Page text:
The seeds for my current path

By Rachel Shen

This IAP has been unusually long. As the winter months stretch on, blending IAP into the two-week gap between the end of IAP and the beginning of the spring semester, I’ve found myself with more time to think about what I want to do as a scientist and how I got to where I am now. 

One of the things I value about the BioMakerspace is how it can provide a platform for people to pursue interests outside what is available in classes with more freedom in choosing and developing a project than in a typical UROP. In my case, it was projects having to do with plant science. So, how did I get here and where did this interest come from?

High School and Earlier

I grew up on the Massachusetts coastline in a city called Quincy. Geographically, it consists of two peninsulas and a long stretch of beach snaking its way toward Boston. As a child, I spent many hours observing the activities of the local wildlife, from the birds that would come to my backyard to peck at the birdseed I scattered outside before eating my own breakfast and going on bike rides around the city to the marshes and brackish creeks (to the consternation of my parents, who seemed convinced I would sink into the mud and disappear forever). 

Here’s some images to visualize where I grew up.

Part of the salt marsh in Spring.

Wollaston Beach in Summer: the ocean connects up to the brackish marsh

Houghs Neck Quarries in Fall. 

What really motivated me into science, though, was seeing firsthand how an understanding of science could make things ever better. When I was in sixth or seventh grade, the federal government initiated a marsh restoration behind my middle school. Over the course of two or three years, soil that was originally dumped there was removed, which allowed seawater to flow back in, turning the area back into a saltwater marsh complete with walking paths and small bridges –  a landscape considerably more interesting than the phragmites field it was before. Looking back, this was really the launching point for the next few years in an increasing interest in plant biology.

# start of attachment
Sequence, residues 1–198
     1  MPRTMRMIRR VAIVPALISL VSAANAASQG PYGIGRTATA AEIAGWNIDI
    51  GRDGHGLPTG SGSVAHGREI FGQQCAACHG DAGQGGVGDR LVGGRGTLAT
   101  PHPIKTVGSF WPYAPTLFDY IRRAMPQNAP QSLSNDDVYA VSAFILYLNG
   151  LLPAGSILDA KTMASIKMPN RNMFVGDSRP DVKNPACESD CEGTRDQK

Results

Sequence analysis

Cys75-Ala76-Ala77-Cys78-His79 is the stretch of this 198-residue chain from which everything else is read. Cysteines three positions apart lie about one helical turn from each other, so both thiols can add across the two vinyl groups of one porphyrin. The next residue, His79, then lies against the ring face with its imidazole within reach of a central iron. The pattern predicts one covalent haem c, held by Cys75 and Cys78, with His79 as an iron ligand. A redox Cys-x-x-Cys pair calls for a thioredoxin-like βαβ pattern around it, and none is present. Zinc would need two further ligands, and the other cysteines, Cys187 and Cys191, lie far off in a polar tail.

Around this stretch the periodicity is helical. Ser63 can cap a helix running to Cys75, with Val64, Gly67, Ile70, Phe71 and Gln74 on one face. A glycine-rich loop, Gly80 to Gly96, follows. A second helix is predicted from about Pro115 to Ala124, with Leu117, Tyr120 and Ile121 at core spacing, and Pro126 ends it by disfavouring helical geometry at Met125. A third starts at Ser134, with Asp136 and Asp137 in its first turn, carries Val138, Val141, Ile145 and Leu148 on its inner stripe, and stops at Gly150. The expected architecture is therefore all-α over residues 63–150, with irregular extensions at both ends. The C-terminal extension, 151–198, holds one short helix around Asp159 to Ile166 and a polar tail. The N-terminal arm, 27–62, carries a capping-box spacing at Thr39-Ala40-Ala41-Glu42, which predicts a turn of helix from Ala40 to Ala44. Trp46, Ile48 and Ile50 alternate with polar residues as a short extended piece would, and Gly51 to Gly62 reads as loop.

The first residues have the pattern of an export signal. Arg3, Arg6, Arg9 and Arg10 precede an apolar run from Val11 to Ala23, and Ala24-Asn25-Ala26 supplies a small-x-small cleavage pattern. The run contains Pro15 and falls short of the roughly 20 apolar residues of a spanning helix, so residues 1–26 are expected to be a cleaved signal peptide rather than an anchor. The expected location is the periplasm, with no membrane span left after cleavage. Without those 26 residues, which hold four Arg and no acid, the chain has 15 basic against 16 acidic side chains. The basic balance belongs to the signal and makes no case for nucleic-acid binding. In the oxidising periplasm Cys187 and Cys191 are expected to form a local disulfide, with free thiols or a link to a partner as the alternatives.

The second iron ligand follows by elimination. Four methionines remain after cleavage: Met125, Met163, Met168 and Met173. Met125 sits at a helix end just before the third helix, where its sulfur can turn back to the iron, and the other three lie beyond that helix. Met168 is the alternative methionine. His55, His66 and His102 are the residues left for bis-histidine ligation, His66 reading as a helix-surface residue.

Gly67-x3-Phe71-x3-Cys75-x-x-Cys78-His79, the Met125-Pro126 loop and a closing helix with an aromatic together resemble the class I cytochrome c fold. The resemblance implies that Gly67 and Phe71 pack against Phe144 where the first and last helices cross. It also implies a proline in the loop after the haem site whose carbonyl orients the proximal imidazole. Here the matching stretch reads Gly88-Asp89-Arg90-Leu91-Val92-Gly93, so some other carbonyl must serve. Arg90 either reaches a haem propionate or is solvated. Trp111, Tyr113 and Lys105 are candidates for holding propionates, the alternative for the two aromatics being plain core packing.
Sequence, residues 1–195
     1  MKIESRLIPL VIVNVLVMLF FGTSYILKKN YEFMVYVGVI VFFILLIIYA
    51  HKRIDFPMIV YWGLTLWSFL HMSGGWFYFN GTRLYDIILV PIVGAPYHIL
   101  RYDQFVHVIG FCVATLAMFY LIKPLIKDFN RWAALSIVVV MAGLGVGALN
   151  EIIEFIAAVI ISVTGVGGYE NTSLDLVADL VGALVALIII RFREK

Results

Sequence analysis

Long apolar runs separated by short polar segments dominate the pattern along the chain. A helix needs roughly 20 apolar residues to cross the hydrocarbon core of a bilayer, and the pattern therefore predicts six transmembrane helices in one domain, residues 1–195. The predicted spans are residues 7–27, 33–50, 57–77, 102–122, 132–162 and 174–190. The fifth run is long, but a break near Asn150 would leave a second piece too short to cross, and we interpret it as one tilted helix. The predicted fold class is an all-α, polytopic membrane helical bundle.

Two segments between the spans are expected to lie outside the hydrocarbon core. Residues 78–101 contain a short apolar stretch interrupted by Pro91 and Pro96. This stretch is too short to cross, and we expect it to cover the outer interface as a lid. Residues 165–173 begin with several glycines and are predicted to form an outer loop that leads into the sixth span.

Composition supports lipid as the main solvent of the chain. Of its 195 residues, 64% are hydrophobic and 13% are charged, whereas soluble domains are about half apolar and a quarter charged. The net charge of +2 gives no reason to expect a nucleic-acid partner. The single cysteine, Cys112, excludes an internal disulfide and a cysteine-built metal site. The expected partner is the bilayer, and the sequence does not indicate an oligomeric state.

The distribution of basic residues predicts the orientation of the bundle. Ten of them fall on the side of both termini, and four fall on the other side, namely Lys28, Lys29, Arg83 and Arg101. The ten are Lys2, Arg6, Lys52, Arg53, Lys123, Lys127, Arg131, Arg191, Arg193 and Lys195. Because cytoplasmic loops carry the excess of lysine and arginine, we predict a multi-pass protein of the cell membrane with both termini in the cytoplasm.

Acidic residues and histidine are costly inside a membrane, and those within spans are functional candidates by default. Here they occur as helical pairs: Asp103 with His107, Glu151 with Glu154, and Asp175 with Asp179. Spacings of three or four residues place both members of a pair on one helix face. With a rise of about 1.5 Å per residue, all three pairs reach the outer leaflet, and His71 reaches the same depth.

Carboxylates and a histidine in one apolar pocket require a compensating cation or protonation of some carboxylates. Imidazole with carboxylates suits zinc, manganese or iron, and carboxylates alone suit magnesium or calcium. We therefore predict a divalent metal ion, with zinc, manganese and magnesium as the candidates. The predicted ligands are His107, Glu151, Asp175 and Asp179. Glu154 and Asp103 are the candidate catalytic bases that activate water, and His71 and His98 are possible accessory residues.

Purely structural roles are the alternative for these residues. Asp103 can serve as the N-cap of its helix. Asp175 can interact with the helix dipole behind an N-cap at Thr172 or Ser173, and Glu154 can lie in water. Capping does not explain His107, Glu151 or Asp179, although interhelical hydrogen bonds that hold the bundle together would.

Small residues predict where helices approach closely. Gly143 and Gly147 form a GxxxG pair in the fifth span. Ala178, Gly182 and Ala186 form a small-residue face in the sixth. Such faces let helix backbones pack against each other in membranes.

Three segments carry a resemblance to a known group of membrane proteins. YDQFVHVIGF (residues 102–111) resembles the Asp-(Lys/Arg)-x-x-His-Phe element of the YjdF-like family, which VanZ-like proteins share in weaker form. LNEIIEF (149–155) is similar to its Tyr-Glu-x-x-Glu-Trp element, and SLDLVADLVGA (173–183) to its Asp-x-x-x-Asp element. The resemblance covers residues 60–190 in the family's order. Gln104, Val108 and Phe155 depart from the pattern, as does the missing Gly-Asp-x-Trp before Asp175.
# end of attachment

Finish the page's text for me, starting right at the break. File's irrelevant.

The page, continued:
For high school science fairs, I designed experiments around plants, such as studying the effect of dissolved oxygen on hydroponic lettuce, comparing allelopathic effects of invasive plants, and testing the effects of gibberellins on phragmites root nutrients storage.

Part of the reason was because research in these topics had a fairly low barrier to entry for me as a high school student. I was lucky enough to go to a school that had a horticulture class and a green house on the roof, which gave me access to the facilities and equipment to do the experiments I wanted. But another part of the reason why I chose these topics is simply because they were a lot of fun; I liked being able to see the organisms I was working with (though they did grow with limited success much of the time – winter is a difficult time to grow plants, even with a greenhouse). 

This interest in plants was evident when the time for college applications rolled around. I applied to several agricultural/plant science programs at schools like Rice University and Cornell. Getting accepted to MIT, however, was very exciting. Molecular techniques were starting to be applied to the field of plant biology and getting a biology or biological engineering degree with this focus, I thought, could be really helpful. 

I didn’t have a great idea what plant science would look like once I got a more formal education in biology. But I knew it was something I cared about and made me excited – so going with that small but important piece of information, I decided to go to MIT and pursue a degree in some sort of biological science.